About 100 Connecticut lawyers underwent a “scared straight” program on ethics hosted by the Connecticut Bar Association at its annual meeting on Monday, June 16.
This years’ annual CBA meeting was rebranded this year as the Connecticut Legal Conference, and featured a luncheon and several networking opportunities, including a cocktail hour. The event provided enhanced educational programs, including over 50 CLE seminars.
During one presentation called “The Competitive Edge: Law Practice Risk Management,” lawyers were taught how to to avoid falling into trouble with the state Office of Disciplinary Counsel by maintaining open communication with clients.
“This is the scared straight portion of our discussion,” said Brendon Levesque, of Horton Shields & Knox in Hartford. “A grievance is serious and once a grievance is filed, they can’t be withdrawn.”
Levesque and his co-presenter, Stephen Conover, a Carmody Torrance Sandak & Hennessey partner in Stamford who frequently represents lawyers and firms in grievance defense matters, warned lawyers of danger signs to avoid having a grievance filed.
“If you are asked to represent a client who has already fired three or four lawyers because they claimed the case lacked merit, in my opinion, run away,” Conover said.
This was one of two Continuing Legal Education programs that focused on ethics. The first session, earlier in the afternoon, provided a review of the most recent opinions from the CBA Standing Committee on Professional Ethics. During that program presented by Stuart Johnson, of Carmody Torrance, and John Logan, of Logan & Mencuccini in Torrington, lawyers were shown several examples ethics advisory opinions on attorney conduct.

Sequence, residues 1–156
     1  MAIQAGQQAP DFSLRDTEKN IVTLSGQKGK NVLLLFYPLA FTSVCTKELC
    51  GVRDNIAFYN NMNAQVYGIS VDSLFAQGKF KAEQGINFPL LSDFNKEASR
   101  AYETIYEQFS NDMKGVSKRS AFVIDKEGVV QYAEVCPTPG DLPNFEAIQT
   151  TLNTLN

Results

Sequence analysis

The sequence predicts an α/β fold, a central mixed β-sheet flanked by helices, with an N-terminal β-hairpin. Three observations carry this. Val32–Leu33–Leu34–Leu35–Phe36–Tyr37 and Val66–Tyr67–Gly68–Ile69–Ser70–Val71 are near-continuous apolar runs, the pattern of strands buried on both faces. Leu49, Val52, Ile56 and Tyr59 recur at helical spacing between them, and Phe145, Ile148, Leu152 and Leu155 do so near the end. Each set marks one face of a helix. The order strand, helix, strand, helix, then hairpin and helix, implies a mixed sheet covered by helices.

They also disussed grievance complaint decisions by the Statewide Grievance Committee. In one opinion, a lawyer in New Haven was reprimanded for failing to pay for the services of a bookkeeper in the amount of $850. “You have to be careful of how you conduct yourselves at all times,” Logan told those in attendance.
In fact, lawyers refusing to pay employees or even people who do work for them unrelated to their practices, including car repairs and home improvements, were discussed as an unexpected source of grievance complaints in both ethics seminars.
“There has been an uptick for claims of lawyers breaching their fiduciary obligations,” Levesque said. “Getting a letter that says ‘Chief Disciplinary Counsel vs. your name’ is the last thing you want to see. That means you have to be very careful about every aspect of your practice. Be careful of what you do in your daily life. I just heard of a person who didn’t pay $400 for a court reporter and that became a grievance against that lawyer. Don’t let that happen to you.”
One lawyer who participated in the seminar asked the panelists why grievances are permitted to be filed against lawyers in Connecticut, even if they are without merit.
Conover pointed out that a grievance that is resolved before it gets formally filed by the Office of Chief Disciplinary Counsel does not become part of the public record, and that any grievance complaint should be addressed promptly by any lawyer accused of violating the Rules of Professional Conduct. “Anything else would require a practice book change,” Conover said.